This year’s Pi Day was a special event, as you may have heard. If you write dates as “3.14.15,” you have the first five digits of pi. You can go even further, and have a pi second: 3.14.15 at 9:26:53 (a.m. or p.m.) gives you the first ten digits of pi.
I’ve never thought much about memorizing pi. 3.14 was generally enough for my needs, and for anything more complicated, I’d pick up a calculator.
But linking it to a date and time means that I’ll now have the first ten digits of pi in my memory for a good long time.
What does this mean for learning?
Memorizing pi this way works because it maps to current knowledge—something that Julie Dirksen, in her book Design for How People Learn, discusses using a metaphor of a closet full of shelves.
As novices gain knowledge, they need to figure out how to structure it. Poor organization—if it’s all on one shelf, for example—makes knowledge very difficult to recall.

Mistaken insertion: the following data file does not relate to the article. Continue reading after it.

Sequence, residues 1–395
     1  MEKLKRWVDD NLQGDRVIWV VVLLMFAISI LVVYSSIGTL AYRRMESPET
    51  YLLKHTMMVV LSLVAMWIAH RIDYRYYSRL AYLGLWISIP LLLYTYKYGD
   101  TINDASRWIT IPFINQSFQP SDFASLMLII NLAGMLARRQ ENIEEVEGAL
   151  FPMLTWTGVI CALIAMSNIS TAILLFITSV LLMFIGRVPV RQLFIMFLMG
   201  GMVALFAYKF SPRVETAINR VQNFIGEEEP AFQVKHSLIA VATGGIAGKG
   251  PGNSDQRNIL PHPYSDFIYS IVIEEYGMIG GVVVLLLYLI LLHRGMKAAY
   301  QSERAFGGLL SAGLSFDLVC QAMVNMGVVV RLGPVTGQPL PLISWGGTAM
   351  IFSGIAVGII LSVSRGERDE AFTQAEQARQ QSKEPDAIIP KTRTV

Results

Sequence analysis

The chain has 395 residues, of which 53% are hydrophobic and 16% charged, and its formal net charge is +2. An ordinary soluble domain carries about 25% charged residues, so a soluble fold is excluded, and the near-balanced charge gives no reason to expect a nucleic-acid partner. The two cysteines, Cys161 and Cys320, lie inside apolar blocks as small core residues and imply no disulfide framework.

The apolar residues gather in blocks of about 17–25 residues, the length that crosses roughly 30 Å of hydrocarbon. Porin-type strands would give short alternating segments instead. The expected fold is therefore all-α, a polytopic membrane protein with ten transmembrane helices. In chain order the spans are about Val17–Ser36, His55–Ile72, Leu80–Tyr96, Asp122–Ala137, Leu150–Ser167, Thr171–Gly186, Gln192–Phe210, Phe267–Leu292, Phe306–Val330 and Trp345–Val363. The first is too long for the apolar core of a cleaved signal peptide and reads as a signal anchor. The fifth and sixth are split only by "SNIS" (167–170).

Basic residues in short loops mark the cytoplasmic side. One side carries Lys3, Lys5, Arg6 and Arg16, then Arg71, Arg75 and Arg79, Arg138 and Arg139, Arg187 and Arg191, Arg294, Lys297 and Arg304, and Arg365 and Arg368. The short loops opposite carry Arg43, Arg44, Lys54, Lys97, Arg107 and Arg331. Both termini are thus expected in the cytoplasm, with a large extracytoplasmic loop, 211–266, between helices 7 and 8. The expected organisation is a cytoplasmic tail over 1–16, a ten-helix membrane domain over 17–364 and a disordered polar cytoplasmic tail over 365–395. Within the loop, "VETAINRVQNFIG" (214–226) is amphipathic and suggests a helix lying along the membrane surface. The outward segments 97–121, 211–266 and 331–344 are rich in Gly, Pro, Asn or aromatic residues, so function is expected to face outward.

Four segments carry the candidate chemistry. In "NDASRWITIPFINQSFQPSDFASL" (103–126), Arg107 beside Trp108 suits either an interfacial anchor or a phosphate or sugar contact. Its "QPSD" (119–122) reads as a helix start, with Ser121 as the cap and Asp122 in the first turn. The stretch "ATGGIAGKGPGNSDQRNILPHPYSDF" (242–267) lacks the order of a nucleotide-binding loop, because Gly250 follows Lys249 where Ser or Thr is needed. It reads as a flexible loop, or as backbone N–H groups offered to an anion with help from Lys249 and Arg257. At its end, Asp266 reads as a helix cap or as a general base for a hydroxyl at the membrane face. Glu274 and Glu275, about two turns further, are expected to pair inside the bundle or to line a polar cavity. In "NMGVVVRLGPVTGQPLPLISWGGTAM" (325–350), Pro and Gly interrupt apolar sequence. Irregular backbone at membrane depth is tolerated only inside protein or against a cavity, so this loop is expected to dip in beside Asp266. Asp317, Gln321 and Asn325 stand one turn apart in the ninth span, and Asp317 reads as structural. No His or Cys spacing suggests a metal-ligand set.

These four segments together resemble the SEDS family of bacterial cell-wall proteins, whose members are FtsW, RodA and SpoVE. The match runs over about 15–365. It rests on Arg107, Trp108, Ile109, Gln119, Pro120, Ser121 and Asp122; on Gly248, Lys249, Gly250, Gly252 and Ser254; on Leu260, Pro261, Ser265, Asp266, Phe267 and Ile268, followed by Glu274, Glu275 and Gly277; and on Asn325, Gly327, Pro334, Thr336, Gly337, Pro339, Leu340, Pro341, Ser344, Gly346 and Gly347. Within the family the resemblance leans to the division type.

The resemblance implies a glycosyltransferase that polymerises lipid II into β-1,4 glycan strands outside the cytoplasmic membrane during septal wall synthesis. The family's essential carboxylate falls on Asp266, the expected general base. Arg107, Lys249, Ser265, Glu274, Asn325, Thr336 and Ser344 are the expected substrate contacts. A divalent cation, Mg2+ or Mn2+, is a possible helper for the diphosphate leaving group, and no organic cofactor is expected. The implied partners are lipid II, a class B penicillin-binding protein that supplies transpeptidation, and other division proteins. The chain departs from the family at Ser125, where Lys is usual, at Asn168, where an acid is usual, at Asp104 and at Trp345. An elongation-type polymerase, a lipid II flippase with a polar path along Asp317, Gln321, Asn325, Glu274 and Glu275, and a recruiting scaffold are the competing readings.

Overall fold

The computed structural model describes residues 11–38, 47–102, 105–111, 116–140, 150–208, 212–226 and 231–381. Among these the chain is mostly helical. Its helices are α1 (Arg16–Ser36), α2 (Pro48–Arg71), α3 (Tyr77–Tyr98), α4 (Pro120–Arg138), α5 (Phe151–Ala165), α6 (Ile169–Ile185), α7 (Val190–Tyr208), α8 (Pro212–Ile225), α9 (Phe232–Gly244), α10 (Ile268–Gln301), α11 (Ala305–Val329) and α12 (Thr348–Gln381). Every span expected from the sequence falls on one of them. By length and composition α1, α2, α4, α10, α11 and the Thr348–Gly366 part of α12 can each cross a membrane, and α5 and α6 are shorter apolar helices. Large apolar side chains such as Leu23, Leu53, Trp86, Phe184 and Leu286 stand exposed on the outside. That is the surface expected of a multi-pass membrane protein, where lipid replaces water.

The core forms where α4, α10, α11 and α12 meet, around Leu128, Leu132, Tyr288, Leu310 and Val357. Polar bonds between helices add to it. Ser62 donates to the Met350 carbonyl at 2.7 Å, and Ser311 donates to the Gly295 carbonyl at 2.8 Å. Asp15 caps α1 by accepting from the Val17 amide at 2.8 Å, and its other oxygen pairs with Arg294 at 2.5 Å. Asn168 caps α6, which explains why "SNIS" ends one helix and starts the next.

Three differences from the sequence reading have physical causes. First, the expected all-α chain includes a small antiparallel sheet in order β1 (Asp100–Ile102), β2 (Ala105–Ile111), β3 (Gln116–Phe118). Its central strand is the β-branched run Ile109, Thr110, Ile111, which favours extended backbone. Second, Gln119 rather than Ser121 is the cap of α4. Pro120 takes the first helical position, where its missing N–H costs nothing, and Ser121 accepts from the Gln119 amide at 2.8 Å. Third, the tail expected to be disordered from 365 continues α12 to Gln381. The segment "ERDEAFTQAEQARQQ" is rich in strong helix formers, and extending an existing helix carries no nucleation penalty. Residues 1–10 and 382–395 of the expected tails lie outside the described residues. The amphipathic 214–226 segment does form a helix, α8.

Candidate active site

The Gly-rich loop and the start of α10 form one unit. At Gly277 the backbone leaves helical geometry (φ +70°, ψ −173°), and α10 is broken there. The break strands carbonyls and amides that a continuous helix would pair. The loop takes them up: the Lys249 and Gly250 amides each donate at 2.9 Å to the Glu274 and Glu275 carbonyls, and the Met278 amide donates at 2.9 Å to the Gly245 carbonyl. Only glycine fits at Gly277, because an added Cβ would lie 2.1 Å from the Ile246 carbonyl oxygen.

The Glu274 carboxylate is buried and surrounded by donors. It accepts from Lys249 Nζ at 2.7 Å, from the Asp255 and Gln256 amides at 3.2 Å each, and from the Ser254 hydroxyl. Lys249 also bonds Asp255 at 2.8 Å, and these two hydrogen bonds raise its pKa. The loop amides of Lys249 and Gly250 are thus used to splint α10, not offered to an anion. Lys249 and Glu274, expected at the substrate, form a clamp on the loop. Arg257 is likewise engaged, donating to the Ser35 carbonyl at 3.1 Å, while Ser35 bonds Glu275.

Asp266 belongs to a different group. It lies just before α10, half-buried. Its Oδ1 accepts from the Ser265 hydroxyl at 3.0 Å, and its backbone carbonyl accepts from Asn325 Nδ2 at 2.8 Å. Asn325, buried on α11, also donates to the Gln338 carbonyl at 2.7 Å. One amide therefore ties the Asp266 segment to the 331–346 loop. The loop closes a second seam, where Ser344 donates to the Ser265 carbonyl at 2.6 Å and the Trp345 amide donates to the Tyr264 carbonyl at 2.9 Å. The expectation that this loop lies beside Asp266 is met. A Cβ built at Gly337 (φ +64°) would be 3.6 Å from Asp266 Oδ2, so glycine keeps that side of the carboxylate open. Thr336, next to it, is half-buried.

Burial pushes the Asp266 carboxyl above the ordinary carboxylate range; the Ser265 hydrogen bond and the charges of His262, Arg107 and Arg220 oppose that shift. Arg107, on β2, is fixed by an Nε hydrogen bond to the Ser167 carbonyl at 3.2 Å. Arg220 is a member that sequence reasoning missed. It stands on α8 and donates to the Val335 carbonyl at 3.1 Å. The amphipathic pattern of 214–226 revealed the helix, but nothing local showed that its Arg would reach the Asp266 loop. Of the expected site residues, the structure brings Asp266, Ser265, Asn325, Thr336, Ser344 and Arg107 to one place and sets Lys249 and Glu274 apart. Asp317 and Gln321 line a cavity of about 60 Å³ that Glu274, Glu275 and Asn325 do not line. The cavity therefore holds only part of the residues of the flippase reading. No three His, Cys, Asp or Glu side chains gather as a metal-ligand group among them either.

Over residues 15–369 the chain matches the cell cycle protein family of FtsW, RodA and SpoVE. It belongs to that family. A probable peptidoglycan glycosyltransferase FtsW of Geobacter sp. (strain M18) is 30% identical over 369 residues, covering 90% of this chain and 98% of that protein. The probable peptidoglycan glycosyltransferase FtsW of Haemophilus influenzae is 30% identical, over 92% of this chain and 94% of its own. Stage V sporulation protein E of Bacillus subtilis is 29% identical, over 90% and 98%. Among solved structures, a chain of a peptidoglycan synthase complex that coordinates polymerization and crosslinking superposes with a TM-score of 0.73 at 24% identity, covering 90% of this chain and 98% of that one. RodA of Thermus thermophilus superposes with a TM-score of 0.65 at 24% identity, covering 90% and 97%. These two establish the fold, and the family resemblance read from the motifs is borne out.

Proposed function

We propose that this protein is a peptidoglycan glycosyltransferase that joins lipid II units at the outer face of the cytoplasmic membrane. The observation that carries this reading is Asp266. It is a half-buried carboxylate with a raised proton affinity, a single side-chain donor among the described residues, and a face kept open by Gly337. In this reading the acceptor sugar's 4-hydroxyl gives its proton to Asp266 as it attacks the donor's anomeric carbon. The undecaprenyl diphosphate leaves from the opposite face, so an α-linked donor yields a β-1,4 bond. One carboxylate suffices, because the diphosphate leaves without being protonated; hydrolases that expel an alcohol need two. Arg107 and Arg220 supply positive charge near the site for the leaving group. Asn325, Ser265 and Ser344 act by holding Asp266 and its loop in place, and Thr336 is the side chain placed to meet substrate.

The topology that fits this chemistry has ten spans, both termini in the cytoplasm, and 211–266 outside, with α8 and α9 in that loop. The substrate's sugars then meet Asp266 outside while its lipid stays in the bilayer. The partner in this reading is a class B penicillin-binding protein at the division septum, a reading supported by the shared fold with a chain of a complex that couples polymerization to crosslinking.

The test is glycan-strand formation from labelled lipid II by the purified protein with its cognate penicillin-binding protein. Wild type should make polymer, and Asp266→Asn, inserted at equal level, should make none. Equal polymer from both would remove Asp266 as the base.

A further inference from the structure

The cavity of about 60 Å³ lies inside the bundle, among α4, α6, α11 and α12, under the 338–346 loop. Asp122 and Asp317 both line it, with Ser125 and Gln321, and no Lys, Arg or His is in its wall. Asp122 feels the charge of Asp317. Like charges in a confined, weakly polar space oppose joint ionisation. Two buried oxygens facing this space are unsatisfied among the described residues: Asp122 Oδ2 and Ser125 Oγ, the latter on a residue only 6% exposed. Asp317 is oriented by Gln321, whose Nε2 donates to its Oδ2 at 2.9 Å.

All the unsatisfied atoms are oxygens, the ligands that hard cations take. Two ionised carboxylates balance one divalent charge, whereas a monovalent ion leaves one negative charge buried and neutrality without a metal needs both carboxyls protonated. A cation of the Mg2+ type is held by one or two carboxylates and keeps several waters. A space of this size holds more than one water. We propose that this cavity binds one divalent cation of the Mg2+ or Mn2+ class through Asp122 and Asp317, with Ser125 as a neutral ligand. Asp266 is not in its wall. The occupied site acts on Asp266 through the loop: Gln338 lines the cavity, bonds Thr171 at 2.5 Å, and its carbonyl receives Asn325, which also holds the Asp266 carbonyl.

Well-organized information, properly grouped by context, makes it much easier to recall. (Experts, on the other hand, have well-constructed and organized closets where new knowledge can be easily and quickly slotted into the right place. They don’t need anywhere near the support that novices need for structuring knowledge.)
For me, the first ten digits of pi are no longer a random list of numbers, but are instead mapped to my existing concepts of date and time. Furthermore, emotion (another way to establish context) cements that particular second in my mind. Lacking any traditional pie that morning, we all had a bite of pizza at 9:26:53 a.m.
This is a somewhat random example of shelving. It’s kind of floating out there. And that’s okay, given that I’m still not likely to use pi to ten digits unless I have a calculator.
If this were designed learning—training created to help people perform a task more effectively—then knowledge would work best if it were linked to the environment in which it would be used. Shelving would be less associated with a random format, and more with the context in which the knowledge would be recalled and actions taken. Organizing knowledge in this way would make it easy for the learner to recall the information where they needed it, when they needed it.